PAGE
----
The role of norephinephrine in the pharmacology of 3,4-methylenedioxymethamphetamine (MDMA, "ecstasy")

Hysek, Cédric Marc. The role of norephinephrine in the pharmacology of 3,4-methylenedioxymethamphetamine (MDMA, "ecstasy"). 2013, Doctoral Thesis, University of Basel, Faculty of Science.


Official URL: http://edoc.unibas.ch/diss/DissB_10358

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The amphetamine derivative 3,4-methylenedioxymethamphetamine (MDMA, ecstasy) is a widely used recreational drug, which produces strong psychological effects such as increased empathy and sociability. MDMA inhibits the uptake of and releases serotonin, dopamine, and norepinephrine via an interaction with the respective monoamine transporter. While the role of serotonin in the human pharmacology of MDMA has been well described, the role of norepinephrine in the mediation of the effect of MDMA is mostly unexplored. Preclinical data indicate that norepinephrine may play a crucial role in the effects of MDMA. This project focused on the role of norepinephrine in the pharmacology of MDMA in humans. We performed five experimental clinical studies and analyzed data from a previously performed study investigating the role of norepinephrine in the mechanism of action of MDMA. All studies were pharmacological interaction studies with selective medications used as research tools to inhibit the effects of MDMA in healthy subjects. All clinical studies used placebo-controlled, double-bind cross-over designs and were each performed in 16 healthy subjects in the University Hospital of Basel. In the first study, we showed that the selective norepinephrine transporter inhibitor reboxetine reduced the MDMA-induced increases in circulating plasma norepinephrine, psychostimulant, and cardiovascular effects in healthy volunteers. Moreover, we also showed that the observed pharmacodynamic interaction in this study was not attributed to a pharmacokinetic interaction between reboxetine and MDMA, because reboxetine decreased the pharmacodynamics effects of MDMA although it increased MDMA plasma levels. The results demonstrate a critical role for transporter-mediated norephinephrine release in the cardiovascular and the subjective stimulant-like effects of MDMA in humans. Norephinephrine transporter inhibitors could therefore be useful in the clinical treatment of stimulant addiction. In the second study, we then demonstrated that the a2 agonist clonidine, an inhibitor of the vesicular norepinephrine release, did not inhibit the response to MDMA in healthy subjects confirming that vesicular release of norepinephrine is not responsible for the effects of MDMA in humans. This study also confirmed indirectly that the monoamine transporter is the primary target of psychostimulants such as MDMA and that physiological impulse-dependent release of monoamines does not appear to be critical for the effects of MDMA in humans. In the ensuing studies we addressed the roles of the postsynaptic adrenergic receptors where the norepinephrine released by MDMA would be expected to act. We analyzed data from a previously performed study and showed that the non-selective ß adrenergic receptor antagonist pindolol reduced MDMA-induced increases in heart rate but had no effect on blood pressure or body temperature elevations produced by MDMA. In the third study, we assessed the effects of the postsynaptic a1 and ß adrenergic receptor antagonist carvedilol on the cardiostimulant, thermogenic, and subjective response to MDMA in healthy subjects. Carvedilol reduced elevations in blood pressure, heart rate, and body temperature but did not affect the subjective effects produced by MDMA. Thus, a1 and ß adrenergic receptors contribute to the cardiostimulant and thermogenic effects of MDMA in humans. The findings suggest that carvedilol would be useful in the treatment of cardiovascular and hyperthermic complications associated with ecstasy use. In the fourth study, we determined the effect of a pretreatment with the selective a1 adrenergic receptor blocker doxazosin on the response to MDMA. Doxazosin reduced MDMA-induced increases in blood pressure but did not affect heart rate responses to MDMA. Doxazosin also attenuated some of the subjective effects of MDMA indicating that a1 adrenergic also contribute to the psychotropic effects of MDMA. Taken together, the studies suggest a role for norepinephrine in particular in the cardio- and the psychostimulant aspects of the MDMA effect in humans. However, MDMA is not only a potent releaser of norepinephrine but also serotonin. Previous clinical studies have shown that inhibition of the serotonin transporter reduced positive psychotropic effects produced by MDMA. However, selective serotonin or norepinephrine transporter inhibitors, when used alone, only moderately affected the response to MDMA in humans. In fifth study we therefore tested the effects of the dual serotonin and norepinephrine transporter inhibitor duloxetine on the acute effects of MDMA in humans. We demonstrated that duloxetine almost completely prevented the pharmacodynamic response to MDMA despite an increase in duloxetine-associated elevation in MDMA plasma levels. The serotonin and norepinephrine transporters may therefore both be potential targets for the treatment of psychostimulant dependence.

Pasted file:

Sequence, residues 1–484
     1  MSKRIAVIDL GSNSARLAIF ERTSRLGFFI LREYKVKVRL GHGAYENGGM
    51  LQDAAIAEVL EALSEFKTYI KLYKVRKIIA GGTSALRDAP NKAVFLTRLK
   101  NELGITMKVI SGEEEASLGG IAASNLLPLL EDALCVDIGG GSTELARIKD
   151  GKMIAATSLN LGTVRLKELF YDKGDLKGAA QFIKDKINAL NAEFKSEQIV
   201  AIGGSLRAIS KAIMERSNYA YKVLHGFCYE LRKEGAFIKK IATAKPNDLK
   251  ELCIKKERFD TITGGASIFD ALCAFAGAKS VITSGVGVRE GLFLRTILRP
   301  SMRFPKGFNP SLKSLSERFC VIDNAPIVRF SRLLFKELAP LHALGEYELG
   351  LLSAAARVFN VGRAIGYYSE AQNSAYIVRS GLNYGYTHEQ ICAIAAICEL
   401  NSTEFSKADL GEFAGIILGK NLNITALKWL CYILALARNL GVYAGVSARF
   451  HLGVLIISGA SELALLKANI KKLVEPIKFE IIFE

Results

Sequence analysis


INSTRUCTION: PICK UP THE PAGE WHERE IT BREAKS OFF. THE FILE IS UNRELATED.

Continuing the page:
Advisors:Krähenbühl, Stephan
Committee Members:Liechti, Matthias Emanuel and Borgwardt, Stefan
Faculties and Departments:05 Faculty of Science > Departement Pharmazeutische Wissenschaften > Pharmazie > Pharmakologie (Krähenbühl)
UniBasel Contributors:Krähenbühl, Stephan and Liechti, Matthias Emanuel and Borgwardt, Stefan
Item Type:Thesis
Thesis Subtype:Doctoral Thesis
Thesis no:10358
Thesis status:Complete
Number of Pages:164 S.
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edoc DOI:
Last Modified:22 Apr 2018 04:31
Deposited On:30 Apr 2013 10:29

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